31 Million Dollars to University of Victoria – 0 to Students.
The British Columbia government, following the lead set by Ontario, is investing (see: http://www2.news.gov.bc.ca/nrm_news_releases/2002MAE0054-001036.htm) a sizable amount of money in making a new building for the University of Victoria. 22 million dollars will be spent in creating a 7,800 square metre building for the University of Victoria’s Computing Science and Engineering departments. An additional 9 million dollars will go toward supporting various research projects.
It still seems that very few governments understand that what they actually want is graduates, not buildings. Even if they had taken half of the building money and put it instead toward funding interested students, they would still have had the money to build a 30,000 square foot building to house their research projects, and 11 million dollars of actual education value for BC citizens.
In an age where distance education is developing more sophisticated techniques, becoming better established to service students all across the globe, and where we know that the key to success is to educate the population as quickly and effectively as possible, these building expansion projects for the universities are really little more than government employment projects. It’s just that the governments have learned to house them in guises more acceptable to the general public. Instead of giving a brick-layer the means to gain a post-secondary education, the government is more concerned with giving him a job building a facility he may never be able to use
The Romanow Report
Romanow has released his report on the changes required to prepare the Public Health system for the future. In essence, it calls for a massive increase in money provided to the provinces for Health Care, and the establishment of watchdog groups to ensure that the care Canadian’s receive is of the same high quality no matter where in Canada they might be.
The report has come under fire from various provincial Premiers as being another attempt by the Federal government to control what the provinces do. Premier Ralph Klein of Alberta is particularly distressed because if the recommendations of the report are followed, his attempts to create a privatised health-care system will be seriously undermined. The insanity of privatising the delivery of an absolutely required service while attempting to fund it through a public system is something I will not delve into particularly, other than to say that the basic laws of economics suggest it will eventually wind up in disaster. Simply consider that in order to increase profits any company has to either increase its fees or lower its costs. Since Premier Klein has repeatedly stated that the health care system will remain publicly funded, that puts an upper limit on fees, which means that the private health companies must concentrate on reducing costs. Because one of the easiest and fastest ways to reduce costs is to reduce quality, how Premier Klein expects this system to give us the best possible health care is beyond me.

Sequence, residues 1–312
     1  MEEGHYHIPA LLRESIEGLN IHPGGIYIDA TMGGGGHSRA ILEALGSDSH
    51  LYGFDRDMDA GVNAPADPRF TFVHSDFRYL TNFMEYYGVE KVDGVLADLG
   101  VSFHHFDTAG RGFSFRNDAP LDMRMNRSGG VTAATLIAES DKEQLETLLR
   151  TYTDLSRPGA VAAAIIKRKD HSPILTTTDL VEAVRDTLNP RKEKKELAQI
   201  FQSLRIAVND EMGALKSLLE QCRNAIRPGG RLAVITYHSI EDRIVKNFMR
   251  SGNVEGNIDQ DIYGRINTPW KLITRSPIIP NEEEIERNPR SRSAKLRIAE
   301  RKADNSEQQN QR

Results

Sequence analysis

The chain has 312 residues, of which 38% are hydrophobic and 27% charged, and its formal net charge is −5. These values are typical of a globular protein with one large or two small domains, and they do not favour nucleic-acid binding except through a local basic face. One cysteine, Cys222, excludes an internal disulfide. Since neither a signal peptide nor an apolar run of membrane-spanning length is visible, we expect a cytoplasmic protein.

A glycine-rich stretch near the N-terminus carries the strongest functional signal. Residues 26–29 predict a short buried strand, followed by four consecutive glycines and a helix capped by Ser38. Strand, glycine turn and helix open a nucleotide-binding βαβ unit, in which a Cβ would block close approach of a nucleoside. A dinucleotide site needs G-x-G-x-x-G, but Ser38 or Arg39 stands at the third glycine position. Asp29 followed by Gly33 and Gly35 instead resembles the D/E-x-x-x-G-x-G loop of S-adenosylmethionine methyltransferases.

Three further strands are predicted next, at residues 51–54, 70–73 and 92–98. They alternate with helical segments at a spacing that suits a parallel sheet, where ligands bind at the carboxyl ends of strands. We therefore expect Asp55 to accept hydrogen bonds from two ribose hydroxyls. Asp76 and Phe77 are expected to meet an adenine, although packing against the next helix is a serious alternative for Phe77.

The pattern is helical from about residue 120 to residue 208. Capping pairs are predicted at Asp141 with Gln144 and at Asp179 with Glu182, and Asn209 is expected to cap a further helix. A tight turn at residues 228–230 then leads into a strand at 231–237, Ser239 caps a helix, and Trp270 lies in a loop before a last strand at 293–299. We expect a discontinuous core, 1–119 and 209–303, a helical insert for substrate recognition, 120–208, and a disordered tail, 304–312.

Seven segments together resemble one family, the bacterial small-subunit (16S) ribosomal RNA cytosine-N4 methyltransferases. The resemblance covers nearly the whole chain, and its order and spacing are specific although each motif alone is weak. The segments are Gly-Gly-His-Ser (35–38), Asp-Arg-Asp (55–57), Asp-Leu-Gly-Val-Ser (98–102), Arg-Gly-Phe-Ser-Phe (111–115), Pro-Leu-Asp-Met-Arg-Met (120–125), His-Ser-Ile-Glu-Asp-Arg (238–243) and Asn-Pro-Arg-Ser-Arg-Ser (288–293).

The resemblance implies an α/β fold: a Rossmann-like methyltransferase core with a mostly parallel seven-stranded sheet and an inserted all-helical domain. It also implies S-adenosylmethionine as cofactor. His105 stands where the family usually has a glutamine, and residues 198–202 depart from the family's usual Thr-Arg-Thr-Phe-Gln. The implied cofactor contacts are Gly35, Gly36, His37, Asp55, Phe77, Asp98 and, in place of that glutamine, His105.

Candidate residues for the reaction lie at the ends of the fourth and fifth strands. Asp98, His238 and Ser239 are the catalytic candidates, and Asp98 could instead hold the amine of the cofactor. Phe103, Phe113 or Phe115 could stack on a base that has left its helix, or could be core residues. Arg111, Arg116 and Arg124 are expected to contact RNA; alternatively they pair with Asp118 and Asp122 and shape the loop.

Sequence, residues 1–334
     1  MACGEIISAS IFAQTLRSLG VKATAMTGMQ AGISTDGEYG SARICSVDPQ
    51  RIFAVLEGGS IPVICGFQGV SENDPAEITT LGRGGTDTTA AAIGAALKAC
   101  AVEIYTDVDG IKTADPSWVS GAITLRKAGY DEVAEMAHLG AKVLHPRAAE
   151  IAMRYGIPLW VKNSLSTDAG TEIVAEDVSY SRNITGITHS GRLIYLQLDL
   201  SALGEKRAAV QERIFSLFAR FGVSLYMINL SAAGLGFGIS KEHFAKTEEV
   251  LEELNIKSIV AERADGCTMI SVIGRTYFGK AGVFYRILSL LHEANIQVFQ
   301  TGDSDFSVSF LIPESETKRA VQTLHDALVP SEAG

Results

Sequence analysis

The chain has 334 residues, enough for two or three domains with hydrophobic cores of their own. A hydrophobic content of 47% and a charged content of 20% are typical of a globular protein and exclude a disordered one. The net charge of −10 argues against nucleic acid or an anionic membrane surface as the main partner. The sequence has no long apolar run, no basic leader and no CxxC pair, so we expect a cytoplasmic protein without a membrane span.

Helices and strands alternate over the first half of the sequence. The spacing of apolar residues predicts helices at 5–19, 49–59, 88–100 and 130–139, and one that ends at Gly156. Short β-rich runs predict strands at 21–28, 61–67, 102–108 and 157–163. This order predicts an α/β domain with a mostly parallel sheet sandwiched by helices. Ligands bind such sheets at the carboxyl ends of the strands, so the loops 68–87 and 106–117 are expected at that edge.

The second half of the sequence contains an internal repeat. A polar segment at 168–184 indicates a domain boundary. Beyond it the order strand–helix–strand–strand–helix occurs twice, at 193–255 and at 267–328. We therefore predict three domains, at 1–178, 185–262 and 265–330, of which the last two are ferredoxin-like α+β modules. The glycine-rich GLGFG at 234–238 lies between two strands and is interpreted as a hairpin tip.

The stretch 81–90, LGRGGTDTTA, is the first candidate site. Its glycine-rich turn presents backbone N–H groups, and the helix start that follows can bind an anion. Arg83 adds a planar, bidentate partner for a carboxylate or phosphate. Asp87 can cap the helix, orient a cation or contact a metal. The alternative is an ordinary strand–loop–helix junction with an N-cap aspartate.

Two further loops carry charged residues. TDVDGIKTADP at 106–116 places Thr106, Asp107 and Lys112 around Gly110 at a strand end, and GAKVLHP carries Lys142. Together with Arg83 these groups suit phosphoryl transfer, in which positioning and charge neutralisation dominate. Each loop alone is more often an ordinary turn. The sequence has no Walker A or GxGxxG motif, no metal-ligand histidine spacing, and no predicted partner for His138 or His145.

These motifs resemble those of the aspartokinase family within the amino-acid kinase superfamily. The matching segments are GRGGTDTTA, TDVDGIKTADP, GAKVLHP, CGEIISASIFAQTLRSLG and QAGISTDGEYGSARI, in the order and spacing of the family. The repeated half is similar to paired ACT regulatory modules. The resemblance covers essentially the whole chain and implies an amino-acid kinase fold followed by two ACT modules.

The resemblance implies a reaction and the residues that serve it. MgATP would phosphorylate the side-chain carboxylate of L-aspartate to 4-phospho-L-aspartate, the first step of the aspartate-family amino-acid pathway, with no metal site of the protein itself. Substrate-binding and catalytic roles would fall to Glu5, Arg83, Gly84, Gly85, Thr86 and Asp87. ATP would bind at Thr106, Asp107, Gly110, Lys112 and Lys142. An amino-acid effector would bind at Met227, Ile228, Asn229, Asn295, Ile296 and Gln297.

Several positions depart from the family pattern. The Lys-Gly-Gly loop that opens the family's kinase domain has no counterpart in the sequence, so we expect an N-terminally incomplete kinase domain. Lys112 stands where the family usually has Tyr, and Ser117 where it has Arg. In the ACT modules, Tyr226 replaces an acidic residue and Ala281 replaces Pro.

Aside from this tangent however, the Romanow Report actually seems to be a well-thought out document that lays out a coherent plan of action to help improve health care across the country. One of the key points in the report can be found in Chapter 5 (see: http://www2.healthcarecommission.ca/default.asp?DN=cn=1401,cn=1399,cn=7,cn=2,ou=Stories,ou=Suite247,o=HCC) where Romanow lays out what is required for a Primary Care system in Canada. Part of the foundation for this Primary Care system is an emphasis on preventative measures, and encouraging Canadians to make better lifestyle choices to increase their health. Sadly, Romanow does not acknowledge what Statistics Canada has found (see: http://www.statcan.ca/Daily/English/020801/d020801a.htm) — that higher education correlates to better health. It is unfortunate that nobody seems to be telling our governments that one of the best possible ways to lower their largest single expenditure is also the same way that holds the promise of the greatest economic benefit for the nation — affordable, accessible higher education.
Remember December 6th.
December the 6th is the day that 14 engineering students were murdered in 1989 at the L’Ecole Polytechnique in Montreal. The BC government is calling (see: http://www2.news.gov.bc.ca/nrm_news_releases/2002MCAWS0066-001019.htm) on Canadians to remember these women, and what their tragedy did to bring awareness of violence against women to us all.
So pause a moment this Friday, and perhaps think of some way we can work to put a stop to this kind of senseless attack.
A native Calgarian, Karl is perpetually nearing the completion of his Bachelor of Arts with a Major in Information Studies. He also works for the Computer Sciences Virtual Helpdesk for Athabasca University and plans to eventually go on to tutor and obtain his Master’s Degree.